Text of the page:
The researchers used a variety of methods to make the nanoparticles. Wang said that the longer the nanoparticles stayed at high temperature during fabrication, the more nickel segregated and the poorer the particles performed in charging and discharging tests. They plan on doing more closely controlled experiments to determine if a particular manufacturing method produces a better electrode.
This work was supported by PNNL's Chemical Imaging Initiative.
Reference: Meng Gu, Ilias Belharouak, Arda Genc, Zhiguo Wang, Dapeng Wang, Khalil Amine, Fei Gao, Guangwen Zhou, Suntharampillai Thevuthasan, Donald R. Baer, Ji-Guang Zhang, Nigel D. Browning, Jun Liu, and Chongmin Wang. Conflicting Roles of Ni in Controlling Cathode Performance in Li-ion Batteries, NanoLetters Sept. 17, 2012, doi: dx.doi.org/10.1021/nl302249v. (http://pubs.acs.org/doi/abs/10.1021/nl302249v)
EMSL, the Environmental Molecular Sciences Laboratory, is a national scientific user facility sponsored by the Department of Energy's Office of Science. Located at Pacific Northwest National Laboratory in Richland, Wash., EMSL offers an open, collaborative environment for scientific discovery to researchers around the world. Its integrated computational and experimental resources enable researchers to realize important scientific insights and create new technologies. Follow EMSL on Facebook, LinkedIn and Twitter.
Interdisciplinary teams at Pacific Northwest National Laboratory address many of America's most pressing issues in energy, the environment and national security through advances in basic and applied science. PNNL employs 4,700 staff, has an annual budget of nearly $1.1 billion, and has been managed for the U.S. Department of Energy by Ohio-based Battelle since the laboratory's inception in 1965. For more, visit the PNNL's News Center, or follow PNNL on Facebook, LinkedIn and Twitter.
Mary Beckman | EurekAlert!
The world's most powerful acoustic tractor beam could pave the way for levitating humans
22.01.2018 | University of Bristol
Siberian scientists learned how to reduce harmful emissions from HPPs
22.01.2018 | Siberian Federal University
On the way to an intelligent laboratory, physicists from Innsbruck and Vienna present an artificial agent that autonomously designs quantum experiments. In initial experiments, the system has independently (re)discovered experimental techniques that are nowadays standard in modern quantum optical laboratories. This shows how machines could play a more creative role in research in the future.
We carry smartphones in our pockets, the streets are dotted with semi-autonomous cars, but in the research laboratory experiments are still being designed by...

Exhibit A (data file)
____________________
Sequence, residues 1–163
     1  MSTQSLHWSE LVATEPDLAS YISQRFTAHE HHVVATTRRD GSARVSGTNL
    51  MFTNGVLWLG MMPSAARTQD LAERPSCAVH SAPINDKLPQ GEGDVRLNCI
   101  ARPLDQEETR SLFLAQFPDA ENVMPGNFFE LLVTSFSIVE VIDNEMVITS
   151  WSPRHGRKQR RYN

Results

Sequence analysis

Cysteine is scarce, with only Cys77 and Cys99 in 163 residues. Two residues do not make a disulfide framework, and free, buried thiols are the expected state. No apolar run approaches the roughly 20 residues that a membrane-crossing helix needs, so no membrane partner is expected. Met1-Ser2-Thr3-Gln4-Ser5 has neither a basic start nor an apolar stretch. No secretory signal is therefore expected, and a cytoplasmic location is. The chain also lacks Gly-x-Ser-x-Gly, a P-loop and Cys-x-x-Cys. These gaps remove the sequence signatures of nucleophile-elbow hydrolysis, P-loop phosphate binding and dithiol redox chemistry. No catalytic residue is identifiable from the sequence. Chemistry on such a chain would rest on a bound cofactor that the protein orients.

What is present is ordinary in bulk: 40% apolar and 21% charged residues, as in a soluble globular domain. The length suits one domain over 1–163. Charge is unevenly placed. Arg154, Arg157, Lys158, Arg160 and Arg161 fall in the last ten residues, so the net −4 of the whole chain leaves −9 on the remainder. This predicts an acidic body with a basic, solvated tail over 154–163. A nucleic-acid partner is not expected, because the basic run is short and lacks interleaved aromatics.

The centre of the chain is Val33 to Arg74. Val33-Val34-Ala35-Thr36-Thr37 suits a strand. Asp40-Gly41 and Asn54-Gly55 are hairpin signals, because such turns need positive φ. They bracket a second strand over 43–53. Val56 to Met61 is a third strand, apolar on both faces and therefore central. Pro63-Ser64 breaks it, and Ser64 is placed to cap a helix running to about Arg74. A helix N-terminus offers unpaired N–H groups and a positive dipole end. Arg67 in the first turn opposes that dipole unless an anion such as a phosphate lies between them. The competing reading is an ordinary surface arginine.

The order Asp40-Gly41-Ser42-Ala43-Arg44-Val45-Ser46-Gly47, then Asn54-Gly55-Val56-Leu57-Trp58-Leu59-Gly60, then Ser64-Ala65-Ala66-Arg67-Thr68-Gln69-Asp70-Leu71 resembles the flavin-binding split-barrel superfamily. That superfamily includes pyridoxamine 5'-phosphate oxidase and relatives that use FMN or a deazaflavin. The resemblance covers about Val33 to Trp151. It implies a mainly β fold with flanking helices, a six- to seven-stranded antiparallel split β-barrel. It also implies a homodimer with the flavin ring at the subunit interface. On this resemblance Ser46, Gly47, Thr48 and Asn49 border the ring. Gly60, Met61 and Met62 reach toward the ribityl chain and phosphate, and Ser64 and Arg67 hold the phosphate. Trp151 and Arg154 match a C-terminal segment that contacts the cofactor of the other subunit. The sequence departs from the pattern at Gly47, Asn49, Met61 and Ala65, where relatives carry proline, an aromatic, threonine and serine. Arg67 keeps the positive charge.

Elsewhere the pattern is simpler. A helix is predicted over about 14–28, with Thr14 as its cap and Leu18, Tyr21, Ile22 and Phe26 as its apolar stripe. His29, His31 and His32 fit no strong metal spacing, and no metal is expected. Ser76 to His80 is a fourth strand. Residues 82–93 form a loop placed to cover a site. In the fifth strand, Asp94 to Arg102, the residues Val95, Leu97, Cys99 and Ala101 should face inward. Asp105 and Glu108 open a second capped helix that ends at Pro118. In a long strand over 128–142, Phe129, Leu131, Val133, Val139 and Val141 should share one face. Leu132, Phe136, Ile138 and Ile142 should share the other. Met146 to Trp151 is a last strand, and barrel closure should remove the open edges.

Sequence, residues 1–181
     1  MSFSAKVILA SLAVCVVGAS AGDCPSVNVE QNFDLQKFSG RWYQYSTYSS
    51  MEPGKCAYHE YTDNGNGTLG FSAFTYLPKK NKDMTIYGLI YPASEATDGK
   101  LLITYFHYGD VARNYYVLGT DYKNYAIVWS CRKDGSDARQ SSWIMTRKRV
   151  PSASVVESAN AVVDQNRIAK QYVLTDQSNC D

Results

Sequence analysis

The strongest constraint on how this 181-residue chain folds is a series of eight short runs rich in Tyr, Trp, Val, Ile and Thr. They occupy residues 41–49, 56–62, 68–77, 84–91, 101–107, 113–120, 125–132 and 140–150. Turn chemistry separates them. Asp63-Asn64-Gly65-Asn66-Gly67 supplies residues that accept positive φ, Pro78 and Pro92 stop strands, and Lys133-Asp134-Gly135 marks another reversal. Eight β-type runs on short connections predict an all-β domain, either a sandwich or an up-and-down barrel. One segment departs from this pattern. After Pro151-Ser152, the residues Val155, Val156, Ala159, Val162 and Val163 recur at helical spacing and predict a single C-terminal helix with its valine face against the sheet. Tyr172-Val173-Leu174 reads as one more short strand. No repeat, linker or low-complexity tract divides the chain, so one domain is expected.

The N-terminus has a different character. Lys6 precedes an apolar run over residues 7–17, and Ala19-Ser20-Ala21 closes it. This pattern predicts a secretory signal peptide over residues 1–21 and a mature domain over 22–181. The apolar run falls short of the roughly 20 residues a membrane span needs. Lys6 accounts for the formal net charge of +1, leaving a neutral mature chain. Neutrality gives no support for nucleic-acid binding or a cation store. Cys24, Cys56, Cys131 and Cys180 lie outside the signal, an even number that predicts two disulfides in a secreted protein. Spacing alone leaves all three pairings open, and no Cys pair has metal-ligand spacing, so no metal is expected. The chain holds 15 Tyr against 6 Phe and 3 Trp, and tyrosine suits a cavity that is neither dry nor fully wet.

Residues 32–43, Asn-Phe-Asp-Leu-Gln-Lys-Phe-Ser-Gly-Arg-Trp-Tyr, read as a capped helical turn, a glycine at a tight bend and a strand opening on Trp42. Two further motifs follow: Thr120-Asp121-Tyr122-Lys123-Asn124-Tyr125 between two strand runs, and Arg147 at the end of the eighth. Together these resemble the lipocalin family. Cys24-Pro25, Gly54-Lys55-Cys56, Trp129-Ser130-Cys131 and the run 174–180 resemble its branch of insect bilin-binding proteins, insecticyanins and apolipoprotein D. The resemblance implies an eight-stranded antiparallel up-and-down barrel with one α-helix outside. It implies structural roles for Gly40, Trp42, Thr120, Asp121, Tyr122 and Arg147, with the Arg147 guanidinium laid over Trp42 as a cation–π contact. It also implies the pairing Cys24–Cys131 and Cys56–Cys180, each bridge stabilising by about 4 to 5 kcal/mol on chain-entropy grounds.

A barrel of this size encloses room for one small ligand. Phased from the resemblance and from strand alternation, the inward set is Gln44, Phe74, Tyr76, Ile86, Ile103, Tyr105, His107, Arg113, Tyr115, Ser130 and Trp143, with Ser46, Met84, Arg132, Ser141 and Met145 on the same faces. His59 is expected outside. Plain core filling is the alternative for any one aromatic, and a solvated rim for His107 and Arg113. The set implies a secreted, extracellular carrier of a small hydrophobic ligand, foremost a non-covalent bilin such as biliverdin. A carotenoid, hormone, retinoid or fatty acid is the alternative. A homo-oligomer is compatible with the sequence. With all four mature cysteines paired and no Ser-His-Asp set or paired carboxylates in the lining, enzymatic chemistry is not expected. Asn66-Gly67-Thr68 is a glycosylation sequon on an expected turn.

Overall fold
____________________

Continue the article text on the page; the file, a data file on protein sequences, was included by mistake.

What enables electrons to be transferred swiftly, for example during photosynthesis? An interdisciplinary team of researchers has worked out the details of how...
For the first time, scientists have precisely measured the effective electrical charge of a single molecule in solution. This fundamental insight of an SNSF Professor could also pave the way for future medical diagnostics.
Electrical charge is one of the key properties that allows molecules to interact. Life itself depends on this phenomenon: many biological processes involve...
At the JEC World Composite Show in Paris in March 2018, the Fraunhofer Institute for Laser Technology ILT will be focusing on the latest trends and innovations in laser machining of composites. Among other things, researchers at the booth shared with the Aachen Center for Integrative Lightweight Production (AZL) will demonstrate how lasers can be used for joining, structuring, cutting and drilling composite materials.
No other industry has attracted as much public attention to composite materials as the automotive industry, which along with the aerospace industry is a driver...
Scientists at Tokyo Institute of Technology (Tokyo Tech) and Tohoku University have developed high-quality GFO epitaxial films and systematically investigated their ferroelectric and ferromagnetic properties. They also demonstrated the room-temperature magnetocapacitance effects of these GFO thin films.
Multiferroic materials show magnetically driven ferroelectricity. They are attracting increasing attention because of their fascinating properties such as...
08.01.2018 | Event News
11.12.2017 | Event News
08.12.2017 | Event News
22.01.2018 | Materials Sciences
22.01.2018 | Earth Sciences
22.01.2018 | Life Sciences